Gyasi Campbell guilty of involuntary manslaughter, not murder, in Justice for Kane trial
After Judge Dennis Doyle decided Gyasi Campbell was guilty of involuntary manslaughter, not murder, in the death of 2-year-old Kane Friess-Wylie, there was an emotional reaction in St. Clair County.
The high profile first-degree murder trial captured the attention of many in the metro-east, prompting the hashtag #JusticeForKane to pop up on social media and on lawn signs.
In June, Campbell waived his right to a jury trial. St. Clair County Court Circuit Judge Zina Cruse was originally assigned to the case, but recused herself from it in November 2018. No reason was given. Doyle was assigned in her place.
Campbell’s defense lawyer, Justin A. Kuehn, said the case was challenging, “from both a legal and emotional standpoint.”
“I know that my sympathies are surely hollow, but my heart goes out to everyone who is pained by this verdict,” he said.
Kuehn also thanked his partner, Derek Siegel, who argued on Campbell’s behalf during the trial.
Assistant State’s Attorneys Bernadette Schrempp and Judy Dalan led the prosecution against Campbell. He was charged with the first-degree murder when it was alleged that he caused a fatal traumatic brain injury to the toddler on April 13, 2017. The prosecution argued that Campbell knew his acts could cause death or great bodily harm to Kane.
In closing arguments on Monday, Kuehn suggested the judge instead consider an involuntary manslaughter charge, which requires proof only that a person recklessly performed acts causing an individual’s death.
Kane’s grandfather, Teague Wylie, said that he read the definition for involuntary manslaughter and that he doesn’t believe Kane’s death was accidental. He said his family has been stressing for 2 1/2 years.
“That’s a whole child’s life,” he said. “(Campbell) knew what he was doing.”
Campbell faces a potential sentence of 3 to 14 years in the Illinois Department of Corrections for the case. Probation is available for the charge. He was taken into custody by police and quickly ushered out of the courtroom. Doyle revoked his bond pending further proceedings. His sentencing date has been set for September 25 in St. Clair County Court.
State’s Attorney James A. Gomric said his office will continue to prosecute difficult cases, especially those involving a child victim.
“Although we maintain our submission that Campbell is guilty as originally charged, we respect the determination of the court,” he said in a statement. “In addition, we appreciate the hard work and attention given to the evidence by the court.”
The State’s Attorney’s Office declined to comment further.
Before announcing his verdict, Doyle said this was the best tried case he’d ever seen, and thanked the spectators who had attended the trial every day.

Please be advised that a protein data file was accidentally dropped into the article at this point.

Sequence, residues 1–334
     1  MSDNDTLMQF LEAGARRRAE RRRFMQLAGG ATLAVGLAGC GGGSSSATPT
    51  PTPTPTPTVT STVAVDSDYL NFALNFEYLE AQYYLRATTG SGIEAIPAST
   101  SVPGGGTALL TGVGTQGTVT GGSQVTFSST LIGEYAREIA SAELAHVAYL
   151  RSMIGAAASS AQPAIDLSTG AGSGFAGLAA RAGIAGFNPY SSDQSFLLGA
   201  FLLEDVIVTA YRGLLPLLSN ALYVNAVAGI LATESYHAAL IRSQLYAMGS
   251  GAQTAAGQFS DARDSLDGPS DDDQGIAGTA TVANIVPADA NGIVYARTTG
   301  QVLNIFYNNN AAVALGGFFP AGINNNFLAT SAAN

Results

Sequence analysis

“I know this was a difficult case for all of you,” he said.
Supporters, family react to verdict
Outside of the courtroom immediately after the verdict was read, friends and family of Kane’s mother, Lindsey Friess, and father, Teague Wylie Jr., wept as they comforted each other.
“It’s better than not guilty,” one person wearing a #JusticeForKane shirt said with her arm around another.
Friess lifted the hood of the black sweatshirt she was wearing and had sunglasses covering her face as she cried.
Later, she said, “I’m 100 percent satisfied with how the state made its case and I respect Judge Doyle. Both sides did an amazing job shedding light on things I didn’t know or was confused about.”
“I did what I was told to do and went up there and told the truth,” she said.
As observers of the trial were leaving the courthouse, a brief verbal argument started between Campbell’s friends and family and Kane’s friends and family outside of the fourth floor elevators. A St. Clair County Sheriff’s deputy had to intervene.
On social media, reactions to the verdict were even stronger.
One relative referred to Campbell using a racial slur on a Facebook post. A supporter of Campbell commented on Facebook that he’s glad the trial is over so he “can get on these white people ass.”
“This has nothing to do with race and everything to do with justice for Kane,” Lauren Elbe, a friend of Wylie’s, said.
Many of Kane’s supporters expressed their frustration with St. Clair County and the judge, commenting on Facebook that the “crooked” justice system failed the toddler.
Some of Campbell’s friends and family commented on Facebook that they were praying for him to come home soon.
BEHIND OUR REPORTING
Why we did this story
A widespread public awareness campaign followed the death of 2-year-old Kane Friess-Wylie. Driven by countless yard signs and the hashtag #justiceforkane, few trials in recent years have garnered as much public interest as this one. As part of a renewed commitment to courthouse coverage, the BND will report daily on the trial and its outcome.